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[resolved] is this some new spam attack? (36 posts)

  1. nothingHappens
    Member
    Posted 6 years ago #

    I've been looking through the forums, googling my butt off, and can't find anything that describes what I'm experiencing. And I need help getting rid of it.

    A while back one of my posts got compromised with spam -- not in the form of a comment, or the post itself being edited, but rather this: the posts showed up normally on home page, but when you click a post title to go to the individual post (say, to leave a comment) you get a spam page. Not a bunch of spam links inserted into the post/page content, mind you, but a completely different web page hawking cheap drugs. However the URL is still the same URL as normal to view the post. This doesn't start happening up right away after publishing the post, but some time a little later.

    The first time it happened, I figured it for a one-off deal, and promptly deleted the post and just copied its contents into a new post. But yesterday it happened again, so I thought I'd better take new measures.

    First, I was long overdue for an upgrade anyway (was still using WordPress 2.0) so I installed the automatic upgrade plugin and upgraded to the latest. Then I changed my user password and ssh/ftp password at my web host. Then I posted to the blog saying, in effect, "sorry about the spam thing, but I went ahead and did this and this and hopefully it won't happen again."

    This morning I find out it happened again -- to that very post:

    http://nothinghappens.net -- the home page, post looks normal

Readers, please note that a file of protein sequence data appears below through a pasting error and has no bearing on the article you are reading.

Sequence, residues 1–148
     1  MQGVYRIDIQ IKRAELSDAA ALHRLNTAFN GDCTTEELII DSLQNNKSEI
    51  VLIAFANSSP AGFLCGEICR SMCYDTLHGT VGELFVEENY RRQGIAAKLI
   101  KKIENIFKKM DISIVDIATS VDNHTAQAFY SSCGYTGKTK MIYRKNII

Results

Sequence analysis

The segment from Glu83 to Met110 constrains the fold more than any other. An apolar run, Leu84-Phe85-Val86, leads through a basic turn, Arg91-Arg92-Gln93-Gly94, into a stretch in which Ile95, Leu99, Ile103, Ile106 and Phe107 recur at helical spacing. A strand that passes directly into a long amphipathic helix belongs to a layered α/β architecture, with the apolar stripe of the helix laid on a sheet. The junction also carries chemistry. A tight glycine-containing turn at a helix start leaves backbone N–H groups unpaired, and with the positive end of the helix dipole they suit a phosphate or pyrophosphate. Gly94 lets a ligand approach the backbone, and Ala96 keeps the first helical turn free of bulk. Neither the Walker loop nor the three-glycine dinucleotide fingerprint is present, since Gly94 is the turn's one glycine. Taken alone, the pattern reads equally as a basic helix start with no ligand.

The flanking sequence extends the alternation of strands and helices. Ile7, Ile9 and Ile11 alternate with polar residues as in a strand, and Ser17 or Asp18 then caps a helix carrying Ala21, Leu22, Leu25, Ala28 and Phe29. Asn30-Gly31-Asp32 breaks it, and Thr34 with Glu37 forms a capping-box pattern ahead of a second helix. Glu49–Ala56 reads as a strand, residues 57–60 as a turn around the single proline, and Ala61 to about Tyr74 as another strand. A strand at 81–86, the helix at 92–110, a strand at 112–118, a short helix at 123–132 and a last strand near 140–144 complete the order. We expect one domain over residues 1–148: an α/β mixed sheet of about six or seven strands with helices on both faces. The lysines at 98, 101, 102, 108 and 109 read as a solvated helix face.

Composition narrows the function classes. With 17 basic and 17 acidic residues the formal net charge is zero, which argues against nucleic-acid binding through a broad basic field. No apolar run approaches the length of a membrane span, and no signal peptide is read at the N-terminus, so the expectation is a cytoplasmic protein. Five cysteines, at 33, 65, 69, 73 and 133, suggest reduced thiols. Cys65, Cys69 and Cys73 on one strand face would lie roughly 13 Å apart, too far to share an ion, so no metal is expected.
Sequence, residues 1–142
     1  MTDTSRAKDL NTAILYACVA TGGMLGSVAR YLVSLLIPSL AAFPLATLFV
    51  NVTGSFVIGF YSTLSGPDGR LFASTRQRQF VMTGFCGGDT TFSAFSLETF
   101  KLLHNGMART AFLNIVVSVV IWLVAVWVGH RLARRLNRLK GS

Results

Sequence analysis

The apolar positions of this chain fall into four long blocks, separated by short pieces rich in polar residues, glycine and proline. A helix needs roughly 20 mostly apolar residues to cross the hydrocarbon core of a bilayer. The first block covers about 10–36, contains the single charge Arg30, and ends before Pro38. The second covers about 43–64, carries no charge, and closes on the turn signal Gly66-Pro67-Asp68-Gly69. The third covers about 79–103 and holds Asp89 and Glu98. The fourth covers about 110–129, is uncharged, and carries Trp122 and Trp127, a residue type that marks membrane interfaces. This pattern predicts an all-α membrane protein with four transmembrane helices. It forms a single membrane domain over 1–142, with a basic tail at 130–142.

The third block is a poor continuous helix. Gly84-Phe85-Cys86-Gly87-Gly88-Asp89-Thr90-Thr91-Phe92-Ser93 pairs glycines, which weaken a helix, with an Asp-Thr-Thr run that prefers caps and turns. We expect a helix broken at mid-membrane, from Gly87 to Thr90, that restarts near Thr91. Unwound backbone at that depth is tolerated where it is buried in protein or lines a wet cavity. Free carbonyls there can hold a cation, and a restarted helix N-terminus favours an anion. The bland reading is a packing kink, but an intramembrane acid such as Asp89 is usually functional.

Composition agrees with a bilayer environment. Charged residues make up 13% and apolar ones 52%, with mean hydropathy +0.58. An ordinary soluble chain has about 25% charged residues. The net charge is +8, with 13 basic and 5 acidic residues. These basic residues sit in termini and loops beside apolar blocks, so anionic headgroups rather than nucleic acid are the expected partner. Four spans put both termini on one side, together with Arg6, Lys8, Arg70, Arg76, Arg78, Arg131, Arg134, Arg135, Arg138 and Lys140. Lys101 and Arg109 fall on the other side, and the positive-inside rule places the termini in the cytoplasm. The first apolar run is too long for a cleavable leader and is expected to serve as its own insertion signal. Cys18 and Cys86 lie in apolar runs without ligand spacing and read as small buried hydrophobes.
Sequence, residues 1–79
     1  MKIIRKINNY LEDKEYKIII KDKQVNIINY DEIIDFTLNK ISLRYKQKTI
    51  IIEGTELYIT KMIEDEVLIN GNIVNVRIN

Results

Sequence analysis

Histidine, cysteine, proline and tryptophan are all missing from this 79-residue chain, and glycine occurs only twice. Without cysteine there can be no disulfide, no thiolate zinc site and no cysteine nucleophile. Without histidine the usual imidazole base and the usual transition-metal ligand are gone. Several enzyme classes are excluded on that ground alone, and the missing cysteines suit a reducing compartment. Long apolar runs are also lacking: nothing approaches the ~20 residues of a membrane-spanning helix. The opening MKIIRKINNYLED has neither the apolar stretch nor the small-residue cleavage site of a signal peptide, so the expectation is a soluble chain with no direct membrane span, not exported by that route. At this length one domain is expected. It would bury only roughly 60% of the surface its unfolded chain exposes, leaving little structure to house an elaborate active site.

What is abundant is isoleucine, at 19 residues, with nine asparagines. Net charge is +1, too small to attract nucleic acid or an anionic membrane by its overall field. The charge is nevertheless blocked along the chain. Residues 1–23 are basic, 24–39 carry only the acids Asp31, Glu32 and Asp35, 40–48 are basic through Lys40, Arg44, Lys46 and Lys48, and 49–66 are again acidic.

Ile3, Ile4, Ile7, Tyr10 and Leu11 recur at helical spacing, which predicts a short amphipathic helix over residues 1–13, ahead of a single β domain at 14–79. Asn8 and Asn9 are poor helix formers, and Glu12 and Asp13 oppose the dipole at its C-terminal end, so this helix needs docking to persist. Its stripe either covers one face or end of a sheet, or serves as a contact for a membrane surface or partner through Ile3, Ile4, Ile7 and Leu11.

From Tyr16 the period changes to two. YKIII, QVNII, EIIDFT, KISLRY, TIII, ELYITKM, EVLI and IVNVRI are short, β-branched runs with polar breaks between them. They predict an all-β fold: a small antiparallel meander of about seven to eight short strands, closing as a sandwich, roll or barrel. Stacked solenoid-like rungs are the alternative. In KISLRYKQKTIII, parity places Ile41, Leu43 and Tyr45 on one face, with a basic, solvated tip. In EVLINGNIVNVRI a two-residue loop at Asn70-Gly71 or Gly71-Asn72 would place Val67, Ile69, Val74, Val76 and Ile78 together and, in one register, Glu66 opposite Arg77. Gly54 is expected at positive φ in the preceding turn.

http://nothinghappens.net/?p=316 -- holy crap wtf

    Here are some more interesting details I've dug up: If you add a trailing / to the URL you get the post again instead of the spam site. Check it out: http://nothinghappens.net/?p=316/ However, before you tell me to check my .htaccess -- I don't have one. Also, I looked at the post's record in the database via phpMyAdmin and nothing's been done to it there.

  2. RosieMBanks
    Member
    Posted 6 years ago #

    Read these:

    Security Issue, Multiple Sites

    (Scroll down to Ultrasonic's post -- he'll tell you how to check for a ghost user that may have been added to your database.)

    Has Your WordPress Been Hacked Recently?

    Weird and Dangerous : ro8kfbsmag.txt

    As far as I understand, this kind of attack is the result of running an old version of WordPress. It will also get you delisted from Google.

    And goodness, I think you win the prize for running the oldest version of WP that I've seen so far:

    <meta name="generator" content="WordPress 1.2" /> <!-- leave this for stats -->

  3. nothingHappens
    Member
    Posted 6 years ago #

    That meta tag must be incorrect, I was using WordPress 2.0 until last night when I upgraded to 2.5.1 -- as I just said in my original post. If you won't bother reading it, I can't imagine your input will be much help, since you're probably giving me stock info without bothering to look at the specifics of my issue as explained... but I'll check out those links anyway.

  4. nothingHappens
    Member
    Posted 6 years ago #

    RosieMBanks, that meta tag was hard-coded into the theme I'm using, I've changed it now to use the $wp_version variable.

    For the rest of you, please read carefully before "helping" thanks.

  5. Joni
    Member
    Posted 6 years ago #

    Well since the attack happened prior to the upgrade, the rogue user info was already in the database. One big fat reason to upgrade. And .. although it's too late now, I should mention for the benefit of any other readers on a very old (pre 2.0) version of WP, you CAN upgrade to 2.0.11, which is the only other supported, secure version of WP out there. :)

    But for you, Chuck, I guess you should dive into those database tables and locate and kill that other user. Provided he/she doesn't show up on your User panel in the dashboard. Good luck. And beware the Grues. ;)

  6. nothingHappens
    Member
    Posted 6 years ago #

    I've looked at the database in phpmyadmin, there is only the one user (admin) in it, and I changed its password immediately after upgrading to 2.5.1 last night. Also mentioned in my original post. Thanks, though.

  7. Ivovic
    Member
    Posted 6 years ago #